.run function comes pre-packed with an ionic application; it basically checks to see if the app is running yet and initializes a couple of ionic functions for us. You can also inject $ionicPlatform anywhere else you need to check if the app has loaded yet.
The code within the
.run function come pre-packed with an ionic application; it basically checks to see if the app is running yet and initializes a couple of ionic functions for us. You can also inject
$ionicPlatform anywhere else you need to check if the app has loaded yet.
Now that we have a controller available, we can add it to our markup in the
index.html file. In a larger app, you would probably have some sort of $state controller that handles setting up views and templates. In this demo we will just keep it simple and add some more markup inside the ion-content area. Our contactsCtrl will just go on the ion-content tag, and we will fill in the rest of what we need for showing our contents inside of this tag.
Back in our controller, we will utilize the $cordovaContacts module to ask for the phone’s contact list. We will add the $scope variable
getContacts, which will contain a function that we can bind to a button in the view. Inside the function, we will add another $scope variable called
phoneContacts, which will be an empty array that we’ll push the contacts into once we get them. Since the variable is set every time the function is called, it will clear out any data we may already have and replace it with a new set.
We can add our function to the view by using the ngClick directive on a button, in which we will initialize our $scope variable getContacts. We’ll wrap this up in a div with an ionic class ‘padding’ so there is some space around the container. Adding another ionic class ‘button’ will make our button a little better than the default iOS styling.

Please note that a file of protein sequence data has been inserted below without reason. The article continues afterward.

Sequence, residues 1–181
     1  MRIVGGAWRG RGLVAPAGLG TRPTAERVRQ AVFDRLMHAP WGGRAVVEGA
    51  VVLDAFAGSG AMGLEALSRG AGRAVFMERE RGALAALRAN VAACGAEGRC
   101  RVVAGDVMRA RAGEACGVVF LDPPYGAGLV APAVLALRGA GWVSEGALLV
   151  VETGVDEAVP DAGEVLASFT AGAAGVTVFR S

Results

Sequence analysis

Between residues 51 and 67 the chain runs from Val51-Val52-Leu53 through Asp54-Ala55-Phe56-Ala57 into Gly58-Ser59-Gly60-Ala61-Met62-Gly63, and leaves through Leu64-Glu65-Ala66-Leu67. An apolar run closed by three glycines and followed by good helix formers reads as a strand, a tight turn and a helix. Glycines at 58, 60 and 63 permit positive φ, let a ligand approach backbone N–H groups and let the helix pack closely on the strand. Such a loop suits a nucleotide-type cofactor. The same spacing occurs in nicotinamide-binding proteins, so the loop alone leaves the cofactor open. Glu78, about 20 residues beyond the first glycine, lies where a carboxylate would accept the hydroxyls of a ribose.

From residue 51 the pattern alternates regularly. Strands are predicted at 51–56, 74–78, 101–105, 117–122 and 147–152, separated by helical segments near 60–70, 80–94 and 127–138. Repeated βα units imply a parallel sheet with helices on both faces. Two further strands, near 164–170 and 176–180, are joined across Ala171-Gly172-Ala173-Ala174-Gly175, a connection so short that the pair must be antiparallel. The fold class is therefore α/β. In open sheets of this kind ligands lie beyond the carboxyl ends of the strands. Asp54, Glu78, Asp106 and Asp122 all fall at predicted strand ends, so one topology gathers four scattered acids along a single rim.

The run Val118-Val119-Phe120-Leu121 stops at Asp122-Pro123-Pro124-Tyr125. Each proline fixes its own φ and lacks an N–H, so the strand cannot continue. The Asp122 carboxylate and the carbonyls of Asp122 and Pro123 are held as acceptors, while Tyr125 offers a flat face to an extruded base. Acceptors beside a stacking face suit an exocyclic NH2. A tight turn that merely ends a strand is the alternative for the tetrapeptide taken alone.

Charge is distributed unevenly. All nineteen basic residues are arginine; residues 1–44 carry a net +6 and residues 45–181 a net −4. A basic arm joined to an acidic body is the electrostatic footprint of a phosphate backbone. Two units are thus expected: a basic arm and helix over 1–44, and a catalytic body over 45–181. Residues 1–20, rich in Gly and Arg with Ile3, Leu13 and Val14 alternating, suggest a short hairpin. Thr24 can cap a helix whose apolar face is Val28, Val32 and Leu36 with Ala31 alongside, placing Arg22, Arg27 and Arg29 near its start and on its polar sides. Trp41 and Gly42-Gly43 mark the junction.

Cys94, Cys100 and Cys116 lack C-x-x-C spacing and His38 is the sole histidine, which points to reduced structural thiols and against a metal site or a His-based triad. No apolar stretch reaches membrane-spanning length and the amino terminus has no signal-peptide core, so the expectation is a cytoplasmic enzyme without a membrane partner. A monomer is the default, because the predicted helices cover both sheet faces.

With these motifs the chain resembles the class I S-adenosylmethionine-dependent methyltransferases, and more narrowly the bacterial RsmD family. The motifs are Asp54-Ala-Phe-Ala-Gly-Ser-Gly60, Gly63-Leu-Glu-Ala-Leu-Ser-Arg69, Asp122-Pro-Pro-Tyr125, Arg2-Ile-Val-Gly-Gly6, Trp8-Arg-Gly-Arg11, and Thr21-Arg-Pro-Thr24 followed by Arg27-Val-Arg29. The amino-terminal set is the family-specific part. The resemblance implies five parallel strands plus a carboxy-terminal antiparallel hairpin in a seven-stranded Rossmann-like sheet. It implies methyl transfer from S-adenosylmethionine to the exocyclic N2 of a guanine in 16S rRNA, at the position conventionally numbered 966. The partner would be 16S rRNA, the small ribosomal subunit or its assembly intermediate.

The last thing to add in our controller is the call to $cordovaContacts, and it’s success or failure callbacks. I’ve separated out the success and failure callbacks into named private functions for easier readability. If the call to get contacts fails, onError gets called. If the call succeeds, onSuccess gets called and completes adding contact information to our phoneContacts $scope variable. Notice that when we call $cordovaContacts, we pass in some options. In this case, we only tell the module that we want multiple contacts returned, meaning all of them. If you did not specify this, you would only get one contact in return. The module is actually pretty flexible, in that you can pass in options to only return one specific property of a contact if you don’t want all the data. In this case though, we will take it all! You can check out more about options in the Cordova documentation.
If we built our project in it’s current state and ran it, all would work as expected, and we would actually get contacts. Awesome! But, they won’t actually show up in the view because we haven’t bound our phoneContacts $scope variable to the view anywhere. We’ll use some default ionic layouts for displaying the contacts as some nice looking cards that will show us a contact’s name, phone numbers, and email addresses. We also have access to a whole host of other information, but I will leave that for you to explore or ask questions about.
Running the Final Product!
That should do it for getting contacts, all that is left is to build the project by running
<code class="in-text-code">ionic build ios</code> and then emulate the project on the iOS simulator by running
<code class="in-text-code">ionic emulate ios</code>. You can also open up the file
contacts-app.xcodeproj in platforms/ios in Xcode if you want to switch up device types for fun. Running this app on a web server won’t really work though because the web won’t have any contacts to look up.
If you would like to clone a working copy of this demo, check out the repo at https://github.com/austinknight/ionic-import-contacts-demo. There are a few instructions on how to make it run.